Feast upon the Word Blog

A blog focused on LDS scriptures and teaching

Sunday School Lesson #10

Posted by Jim F. on March 4, 2007

NOTE: FOR THE MOST RECENT, UPDATED VERSION OF THESE NOTES, GO TO : http://feastupontheword.org/Site:SS_lessons#New_Testament_lessons


Lesson 10: Matthew 11:28-30; 12:1-13; Luke 7:36-50; 13:10-17

Matthew 11

Verse 28: What does it mean to come to Christ? Has he already told us how we can do that in readings from some of the previous lessons?

The word translated “labor” means “wearying labor.” The phrase “heavy laden” translates a Greek word that means “weighed down.” What wearying, taxing work does Christ have in mind here? From what does he offer relief? Why is that described as something that wears us out? As something that burdens us? The word translated “rest” literally means “cessation.” It is used to mean “refreshment,” “ease,” or “rest.” How does the Savior offer cessation from taxing labor?

Verse 29: The word translated “take” means literally “lift up.” The Greek word translated “yoke” could also have been translated “scales” (the kind of scales one sees in statues representing justice). Do you agree with the KJV decision to translate the term as “yoke,” or do you think “scales” would have been more meaningful? Why? In the Old Testament the yoke was often used as a symbol of tyranny. (See, for example, 2 Chronicles 10:4.) Why do you think Jesus uses an image that is usually associated with being subjugated by a tyrant?

How do we learn of Christ? In other words, when he commands us, “Learn of me,” what is he commanding? The root of the Greek word translated “learn” means “to direct one’s mind toward something.” That results in a variety of meanings, including “to experience” and “to learn a skill” as well as “to know.” In the Greek translation of the Old Testament (the version many used at the time of Christ), the word translated “know” is used almost exclusively to mean “learn the will of God.” Might that tell us something about what Jesus is teaching in this verse?

Should we understand “come to me” and “learn of me” to be parallel? How do we learn of Christ?

The word translated “meek” means “mild,” “gentle,” “friendly” and occurs in Matthew’s writings more than in the other Gospel writers. The word translated “lowly” means not only “lowly,” but also “modest,” “humble,” “obedient,” “compliant,” and the verb from which it comes can mean “to level.” Is “meek and lowly of heart” a hendiadys, a case of saying the same thing twice (as in Genesis 1:1: “without form and void”), rather than a case of saying two different things?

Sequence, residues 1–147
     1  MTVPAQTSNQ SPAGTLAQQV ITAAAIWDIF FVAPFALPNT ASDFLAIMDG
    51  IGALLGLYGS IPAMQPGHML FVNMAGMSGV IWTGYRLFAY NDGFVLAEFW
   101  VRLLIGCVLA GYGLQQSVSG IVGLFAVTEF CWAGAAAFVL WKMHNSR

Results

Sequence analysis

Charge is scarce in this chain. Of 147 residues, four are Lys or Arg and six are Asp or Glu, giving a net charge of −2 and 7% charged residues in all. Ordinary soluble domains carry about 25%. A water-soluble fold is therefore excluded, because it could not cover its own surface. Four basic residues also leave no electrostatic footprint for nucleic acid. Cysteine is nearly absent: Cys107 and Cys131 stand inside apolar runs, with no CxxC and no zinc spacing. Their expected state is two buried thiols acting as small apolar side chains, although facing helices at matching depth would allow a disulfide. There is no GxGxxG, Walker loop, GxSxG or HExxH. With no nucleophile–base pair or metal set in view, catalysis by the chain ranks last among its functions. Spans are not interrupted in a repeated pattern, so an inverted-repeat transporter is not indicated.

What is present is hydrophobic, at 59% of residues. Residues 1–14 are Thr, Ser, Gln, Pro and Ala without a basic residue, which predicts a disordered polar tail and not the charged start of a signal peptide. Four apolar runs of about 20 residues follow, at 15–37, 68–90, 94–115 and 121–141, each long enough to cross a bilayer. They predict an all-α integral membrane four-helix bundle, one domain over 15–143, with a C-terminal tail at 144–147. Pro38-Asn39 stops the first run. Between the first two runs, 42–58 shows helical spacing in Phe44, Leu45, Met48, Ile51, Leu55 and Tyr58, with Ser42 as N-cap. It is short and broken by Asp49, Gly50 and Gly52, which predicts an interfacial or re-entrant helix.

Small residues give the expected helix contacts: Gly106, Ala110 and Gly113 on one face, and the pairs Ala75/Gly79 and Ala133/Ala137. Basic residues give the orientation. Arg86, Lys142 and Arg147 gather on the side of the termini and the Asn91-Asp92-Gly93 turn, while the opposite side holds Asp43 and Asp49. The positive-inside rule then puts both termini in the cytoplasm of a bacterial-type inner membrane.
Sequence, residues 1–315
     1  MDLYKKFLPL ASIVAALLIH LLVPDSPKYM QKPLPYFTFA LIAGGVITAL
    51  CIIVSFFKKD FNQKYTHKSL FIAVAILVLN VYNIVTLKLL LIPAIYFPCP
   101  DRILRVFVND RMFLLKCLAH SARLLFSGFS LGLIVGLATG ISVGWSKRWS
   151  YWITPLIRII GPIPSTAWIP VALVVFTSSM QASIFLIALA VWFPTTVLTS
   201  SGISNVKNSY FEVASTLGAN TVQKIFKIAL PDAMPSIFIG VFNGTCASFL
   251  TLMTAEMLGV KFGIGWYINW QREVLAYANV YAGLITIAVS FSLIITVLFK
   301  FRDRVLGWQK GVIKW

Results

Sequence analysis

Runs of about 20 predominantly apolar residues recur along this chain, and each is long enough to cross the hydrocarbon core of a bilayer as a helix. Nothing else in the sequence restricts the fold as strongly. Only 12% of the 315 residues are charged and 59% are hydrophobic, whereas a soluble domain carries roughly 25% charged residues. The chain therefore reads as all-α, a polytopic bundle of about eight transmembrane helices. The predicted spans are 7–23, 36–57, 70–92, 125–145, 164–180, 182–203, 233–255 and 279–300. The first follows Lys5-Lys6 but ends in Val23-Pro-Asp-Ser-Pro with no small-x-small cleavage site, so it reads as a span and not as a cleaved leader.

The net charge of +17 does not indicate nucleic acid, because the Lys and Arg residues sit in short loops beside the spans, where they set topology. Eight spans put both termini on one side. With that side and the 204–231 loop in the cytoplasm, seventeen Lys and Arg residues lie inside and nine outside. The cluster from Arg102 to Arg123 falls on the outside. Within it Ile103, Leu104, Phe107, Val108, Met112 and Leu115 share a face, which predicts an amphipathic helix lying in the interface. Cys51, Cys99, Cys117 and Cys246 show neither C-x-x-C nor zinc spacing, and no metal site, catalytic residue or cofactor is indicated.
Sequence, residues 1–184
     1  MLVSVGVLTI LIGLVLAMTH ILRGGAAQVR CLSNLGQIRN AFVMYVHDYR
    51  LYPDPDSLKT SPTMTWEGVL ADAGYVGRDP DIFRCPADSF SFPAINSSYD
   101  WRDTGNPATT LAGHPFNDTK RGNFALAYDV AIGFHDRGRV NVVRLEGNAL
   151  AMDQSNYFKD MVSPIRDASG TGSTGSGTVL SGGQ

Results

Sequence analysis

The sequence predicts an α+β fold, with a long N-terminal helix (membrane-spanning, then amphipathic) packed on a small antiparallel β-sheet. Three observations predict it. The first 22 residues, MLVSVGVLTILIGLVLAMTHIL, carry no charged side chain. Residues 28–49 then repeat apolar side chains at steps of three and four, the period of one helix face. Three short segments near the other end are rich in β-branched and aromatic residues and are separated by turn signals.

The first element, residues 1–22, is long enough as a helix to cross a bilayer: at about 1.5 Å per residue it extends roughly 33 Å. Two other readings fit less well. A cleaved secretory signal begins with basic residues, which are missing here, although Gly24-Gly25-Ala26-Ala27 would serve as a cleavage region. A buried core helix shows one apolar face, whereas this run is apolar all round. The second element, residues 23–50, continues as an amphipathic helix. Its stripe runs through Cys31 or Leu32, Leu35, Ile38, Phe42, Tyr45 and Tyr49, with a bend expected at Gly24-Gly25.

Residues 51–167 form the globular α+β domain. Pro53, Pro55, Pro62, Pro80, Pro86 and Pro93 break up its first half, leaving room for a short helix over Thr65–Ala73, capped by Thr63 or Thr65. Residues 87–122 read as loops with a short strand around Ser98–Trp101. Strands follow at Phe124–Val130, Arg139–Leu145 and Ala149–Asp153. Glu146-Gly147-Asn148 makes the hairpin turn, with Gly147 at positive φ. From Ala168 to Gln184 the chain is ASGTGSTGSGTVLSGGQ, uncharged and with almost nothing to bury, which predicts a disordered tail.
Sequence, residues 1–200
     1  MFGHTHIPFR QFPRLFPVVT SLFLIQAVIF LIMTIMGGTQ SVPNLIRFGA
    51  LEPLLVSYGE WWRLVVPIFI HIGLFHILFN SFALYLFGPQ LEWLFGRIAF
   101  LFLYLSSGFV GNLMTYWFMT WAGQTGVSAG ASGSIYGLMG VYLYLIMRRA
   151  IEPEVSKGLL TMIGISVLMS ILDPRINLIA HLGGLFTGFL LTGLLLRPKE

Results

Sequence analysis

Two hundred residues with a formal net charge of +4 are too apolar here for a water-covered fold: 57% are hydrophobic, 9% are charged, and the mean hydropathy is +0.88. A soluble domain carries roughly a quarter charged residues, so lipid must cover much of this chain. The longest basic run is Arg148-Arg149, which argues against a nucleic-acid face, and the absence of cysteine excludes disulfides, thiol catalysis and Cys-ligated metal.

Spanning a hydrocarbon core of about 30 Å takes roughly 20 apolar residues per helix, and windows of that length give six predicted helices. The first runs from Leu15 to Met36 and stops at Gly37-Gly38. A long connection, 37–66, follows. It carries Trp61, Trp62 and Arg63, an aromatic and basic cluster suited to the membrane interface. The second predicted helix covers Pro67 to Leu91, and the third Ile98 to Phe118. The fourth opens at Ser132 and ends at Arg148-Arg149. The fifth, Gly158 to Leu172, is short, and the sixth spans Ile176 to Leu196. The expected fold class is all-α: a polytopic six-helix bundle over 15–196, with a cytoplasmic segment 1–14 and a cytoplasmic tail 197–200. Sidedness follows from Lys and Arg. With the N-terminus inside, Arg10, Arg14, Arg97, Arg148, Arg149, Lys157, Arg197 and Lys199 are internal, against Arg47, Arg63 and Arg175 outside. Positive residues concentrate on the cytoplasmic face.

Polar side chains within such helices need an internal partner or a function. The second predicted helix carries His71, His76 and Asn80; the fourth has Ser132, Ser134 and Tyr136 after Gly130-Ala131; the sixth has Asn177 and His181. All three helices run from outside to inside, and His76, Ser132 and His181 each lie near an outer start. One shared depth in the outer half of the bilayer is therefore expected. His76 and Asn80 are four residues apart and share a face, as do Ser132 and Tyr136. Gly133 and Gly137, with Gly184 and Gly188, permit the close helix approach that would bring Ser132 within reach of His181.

Meekness and lowliness are associated in the Old Testament (e.g., Proverbs 16:19), and Daniel 3:87 (part of the Septuagint, but not found in our KJV version of Daniel) speaks of lowliness of heart, using the same Greek phrase used here in the Greek translation of the Old Testament, the Septuagint.

Verse 30: The Greek word translated “light” “easy” means “serviceable” or “useful.” How might that change our ordinary understanding of what Jesus is teaching here?

Verses 28-30: Both the Hermeneia volume on Matthew and the first volume on Matthew in Word Biblical Commentary suggest that this saying is part of the Old Testament Wisdom tradition. Here Jesus speaks as Wisdom herself has spoken. (See, particularly Sirach 6:23-31, which has many similarities to this saying.) Does that suggest any fruitful interpretations of this passage?

What makes the Pharisaic law a burden? How is the way of Christian life (life following the law of Christ, Wisdom), an easy one? After all, Jesus has already said that he doesn’t preach a less strict law than the law of the Torah (Matthew 5:17-20).

Do these verses advocate that we respond to the trials of our life merely inwardly, seeing trouble as something pertaining to the world and, so, seeking peace only in our hearts? If not, how do we square these verses with the truth that, as Ernst Bloch says, Jesus “is anything but an artful dodger into invisible inwardness, or a sort of quartermaster for a totally transcendent heavenly Kingdom” (Atheism in Christianity 129-30)?

How would you use your own words to paraphrase these verses? How would you explain what they teach?

Matthew 12

Are the stories that follow supposed to illustrate what Jesus meant by the easy yoke?

Verses 1-9: This story is one of a number of stories that center on the controversy between Jesus and the religious authorities. (See Matthew 9:1-8 for the beginnings of that controversy.) If you’ve been on a grain farm you probably know that you can pluck a head of grain and rub the kernels between your palms to get rid of the husk. Then you can blow away the chaff and chew on the threshed grains for a snack. This practice was permitted by the Mosaic Law. (See Deuteronomy 23:26.) But the rabbis had decided that, though it was permitted, it was a kind of work and, so, was not permitted on the Sabbath. Jesus replies to the scribes (in other words, the rabbis) with a good rabbinical argument, namely an argument from scripture: first, David ate what it was unlawful for him to eat (see Leviticus 24:5-9), but that violation of the Law was justified because they had nothing else to eat (see 1 Samuel 21:2-7); second, the priests in the Temple work on the Sabbath and that work is justified by the fact that it is done for a holy purpose. This last example becomes an affront to the scribes, for Jesus explicitly says that what the disciples are doing is justified by the fact that they are in the service of someone—or something, the Greek could be translated either way—greater than the temple. Which do you think Jesus is saying is greater than the temple, something, presumably the principle of mercy, or someone, presumably Jesus himself? Jesus quotes Hosea 6:6 in verse 7, and he tells the scribes that if they had understood that scripture they wouldn’t have accused the disciples. How would understanding that scripture have saved them from their mistake? In other words, what does understanding that mercy is more important than sacrifice have to do with this particular case?